Furthermore, it’s been a while since I’ve re-watched ANH, but doesn’t it seem like the rebels should be a bit more aware of the Death Star than they are in that movie, considering that by that time it’s already shown up at the site of a major battle and started fucking shit up (OK fine, they haven’t seen it blow up a whole planet yet, but put two and two together)? Like, when Leia is composing her message to Obi-Wan, why not say, “Oh and by the way the Empire has a giant spherical battlestation, keep an eye out for that”? And further furthermore, what does Bail Organa want from Obi-Wan in the first place? To come out of retirement and lightsaber some troopers on the beach? The whole thing was just better off left alone.
Among the negative opinions on this movie, one I’ve heard a few times is that it feels like a generic action film with a myriad sprinkling of Star Wars fan service thrown on top. The thing is, I don’t see anything intrinsically wrong with that–except that where Rogue One falls flat, it’s usually due to some reference to another movie in the franchise which could just as easily have been left out. There’s too much going on here with Tarkin, Vader (OK, yes, the final scene was cool, but Vader is not an interesting villain in the context of this movie alone), and especially the Death Star itself begging for screen time. And this is all layered on a movie which is so heavily stuffed that it can’t resolve its more mundane errors: the male lead feels redundant and uncompelling, too much time is spent on Forest Whitaker’s character for little payoff, Tarkin destroys Scarif for seemingly no reason, the pilot who was supposed to have lost his mind seems totally lucid, etc.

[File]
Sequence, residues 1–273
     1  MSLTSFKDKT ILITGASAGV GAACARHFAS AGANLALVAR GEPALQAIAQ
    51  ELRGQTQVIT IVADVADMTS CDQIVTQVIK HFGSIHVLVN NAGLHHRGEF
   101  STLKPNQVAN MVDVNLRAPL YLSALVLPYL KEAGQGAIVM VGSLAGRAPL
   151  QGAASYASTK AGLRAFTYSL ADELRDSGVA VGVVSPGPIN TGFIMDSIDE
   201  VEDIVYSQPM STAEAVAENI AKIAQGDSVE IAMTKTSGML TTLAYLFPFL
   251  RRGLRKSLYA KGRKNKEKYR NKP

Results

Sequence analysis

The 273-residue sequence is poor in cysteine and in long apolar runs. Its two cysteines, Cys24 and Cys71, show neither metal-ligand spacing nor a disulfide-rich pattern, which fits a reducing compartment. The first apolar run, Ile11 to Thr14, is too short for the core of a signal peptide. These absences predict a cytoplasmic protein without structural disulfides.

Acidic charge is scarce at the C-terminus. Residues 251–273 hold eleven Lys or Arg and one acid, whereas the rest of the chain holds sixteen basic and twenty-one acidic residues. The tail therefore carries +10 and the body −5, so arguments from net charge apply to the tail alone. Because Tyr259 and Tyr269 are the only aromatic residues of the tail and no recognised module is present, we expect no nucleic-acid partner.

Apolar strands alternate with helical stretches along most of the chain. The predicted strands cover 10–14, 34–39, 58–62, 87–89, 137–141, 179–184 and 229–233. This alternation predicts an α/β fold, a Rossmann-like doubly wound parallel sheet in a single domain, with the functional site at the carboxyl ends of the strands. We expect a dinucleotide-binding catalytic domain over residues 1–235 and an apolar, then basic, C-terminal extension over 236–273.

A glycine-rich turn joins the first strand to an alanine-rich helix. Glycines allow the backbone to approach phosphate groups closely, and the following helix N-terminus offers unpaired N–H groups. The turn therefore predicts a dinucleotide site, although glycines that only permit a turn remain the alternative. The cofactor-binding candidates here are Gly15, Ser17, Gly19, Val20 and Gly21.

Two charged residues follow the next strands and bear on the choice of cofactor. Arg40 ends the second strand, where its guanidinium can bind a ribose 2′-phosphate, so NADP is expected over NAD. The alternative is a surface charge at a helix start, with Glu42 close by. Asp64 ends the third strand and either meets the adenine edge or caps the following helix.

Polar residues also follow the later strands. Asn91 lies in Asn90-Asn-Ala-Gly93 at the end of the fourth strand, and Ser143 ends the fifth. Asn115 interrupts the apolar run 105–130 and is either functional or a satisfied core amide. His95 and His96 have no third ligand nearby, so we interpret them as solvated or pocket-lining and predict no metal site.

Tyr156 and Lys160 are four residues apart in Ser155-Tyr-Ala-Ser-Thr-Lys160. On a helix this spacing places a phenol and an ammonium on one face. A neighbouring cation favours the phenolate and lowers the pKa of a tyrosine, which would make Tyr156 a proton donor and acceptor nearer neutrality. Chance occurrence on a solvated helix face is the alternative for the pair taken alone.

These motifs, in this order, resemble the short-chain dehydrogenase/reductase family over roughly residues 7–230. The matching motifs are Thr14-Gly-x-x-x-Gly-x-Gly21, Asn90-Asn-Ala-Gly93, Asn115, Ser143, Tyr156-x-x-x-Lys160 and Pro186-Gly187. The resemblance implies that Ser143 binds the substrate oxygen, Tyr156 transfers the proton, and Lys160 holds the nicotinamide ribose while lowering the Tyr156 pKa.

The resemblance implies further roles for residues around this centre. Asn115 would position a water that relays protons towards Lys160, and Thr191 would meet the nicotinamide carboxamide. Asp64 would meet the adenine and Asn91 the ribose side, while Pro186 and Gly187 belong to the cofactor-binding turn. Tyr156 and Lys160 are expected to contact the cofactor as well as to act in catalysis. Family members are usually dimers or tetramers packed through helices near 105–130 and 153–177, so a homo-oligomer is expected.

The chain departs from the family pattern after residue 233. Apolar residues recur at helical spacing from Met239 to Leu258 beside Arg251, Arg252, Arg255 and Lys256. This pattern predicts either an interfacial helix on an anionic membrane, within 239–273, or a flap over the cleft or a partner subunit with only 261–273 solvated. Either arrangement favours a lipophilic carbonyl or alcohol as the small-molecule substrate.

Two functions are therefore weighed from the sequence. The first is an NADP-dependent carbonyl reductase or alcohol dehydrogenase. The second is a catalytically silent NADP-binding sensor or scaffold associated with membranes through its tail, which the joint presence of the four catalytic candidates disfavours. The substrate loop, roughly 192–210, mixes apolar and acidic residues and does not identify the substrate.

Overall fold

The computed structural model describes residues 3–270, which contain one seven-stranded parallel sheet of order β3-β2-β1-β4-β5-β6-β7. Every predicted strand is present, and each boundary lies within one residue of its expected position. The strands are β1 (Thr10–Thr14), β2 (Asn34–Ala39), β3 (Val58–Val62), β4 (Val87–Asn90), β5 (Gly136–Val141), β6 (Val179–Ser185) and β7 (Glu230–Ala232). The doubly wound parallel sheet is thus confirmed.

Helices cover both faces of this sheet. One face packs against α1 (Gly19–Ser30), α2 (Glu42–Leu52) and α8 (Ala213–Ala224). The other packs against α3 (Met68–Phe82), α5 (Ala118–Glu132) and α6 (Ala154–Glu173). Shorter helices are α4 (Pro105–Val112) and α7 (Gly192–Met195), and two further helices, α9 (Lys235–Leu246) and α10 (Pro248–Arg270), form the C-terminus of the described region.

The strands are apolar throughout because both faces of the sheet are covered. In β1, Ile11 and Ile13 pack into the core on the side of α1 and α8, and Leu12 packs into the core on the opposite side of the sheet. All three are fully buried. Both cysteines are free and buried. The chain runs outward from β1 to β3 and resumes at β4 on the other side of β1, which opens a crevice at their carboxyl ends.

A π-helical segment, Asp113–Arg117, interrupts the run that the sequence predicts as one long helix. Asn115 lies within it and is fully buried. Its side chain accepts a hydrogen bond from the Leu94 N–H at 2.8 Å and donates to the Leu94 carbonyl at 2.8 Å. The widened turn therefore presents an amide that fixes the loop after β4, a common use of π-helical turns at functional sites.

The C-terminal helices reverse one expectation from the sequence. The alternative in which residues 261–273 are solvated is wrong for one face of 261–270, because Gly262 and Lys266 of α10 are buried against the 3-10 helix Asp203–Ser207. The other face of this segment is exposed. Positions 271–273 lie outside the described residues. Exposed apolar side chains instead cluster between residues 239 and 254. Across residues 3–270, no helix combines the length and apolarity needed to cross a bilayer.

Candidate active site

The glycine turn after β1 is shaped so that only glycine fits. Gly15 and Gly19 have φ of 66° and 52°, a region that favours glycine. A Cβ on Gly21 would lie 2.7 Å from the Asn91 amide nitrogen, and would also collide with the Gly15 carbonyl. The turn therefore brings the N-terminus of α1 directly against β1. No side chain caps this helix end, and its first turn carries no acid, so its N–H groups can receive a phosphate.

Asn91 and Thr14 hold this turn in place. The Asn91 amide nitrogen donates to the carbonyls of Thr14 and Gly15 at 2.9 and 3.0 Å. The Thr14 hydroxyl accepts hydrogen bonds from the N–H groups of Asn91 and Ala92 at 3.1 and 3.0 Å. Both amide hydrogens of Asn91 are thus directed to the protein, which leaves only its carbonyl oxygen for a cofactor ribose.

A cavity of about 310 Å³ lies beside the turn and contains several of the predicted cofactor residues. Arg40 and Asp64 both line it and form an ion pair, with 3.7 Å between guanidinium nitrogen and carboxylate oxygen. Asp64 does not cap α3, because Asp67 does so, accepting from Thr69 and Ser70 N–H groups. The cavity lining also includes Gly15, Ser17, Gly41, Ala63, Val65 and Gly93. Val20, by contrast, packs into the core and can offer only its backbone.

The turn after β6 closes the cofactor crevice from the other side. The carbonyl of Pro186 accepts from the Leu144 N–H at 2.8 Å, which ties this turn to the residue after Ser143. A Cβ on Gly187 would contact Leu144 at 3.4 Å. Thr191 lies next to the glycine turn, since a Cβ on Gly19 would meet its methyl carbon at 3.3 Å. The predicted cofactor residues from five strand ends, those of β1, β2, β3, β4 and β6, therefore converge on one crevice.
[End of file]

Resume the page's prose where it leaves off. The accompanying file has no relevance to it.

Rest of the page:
But what prompted me more than any of the above to write this post wasn’t in Rogue One at all, it was another film entirely. This afternoon I went with my wife and kids to see another Disney movie, Moana. Wow. An incredible movie, possibly Disney Animation’s best ever. And while going into full depth on the reasons why will have to wait, the thing that struck me most in comparison to Rogue One was its simplicity. In terms of characters we’re supposed to care about, we have two: Moana and Maui. Two! Not…however many there were in Rogue One. Two characters, ninety minutes, plenty of time to work out a complete arc for them both. Result: the audience cares, the audience goes home happy. It’s not that complicated! Literally!
Now, I’m not saying that the number of characters in a film is necessarily indicative of its complexity, and certainly not of its quality, but all of this does serve as a good reminder to us all (well especially to me) that when it comes to fiction, less is almost always more. You may want to add every cool idea and weird character and awesome setpiece you can think of, but if you’re starving your principle characters of oxygen, all you’re doing is suffocating your work.
Will the new Lucasfilm pick up on this, too? Well, we can Hope…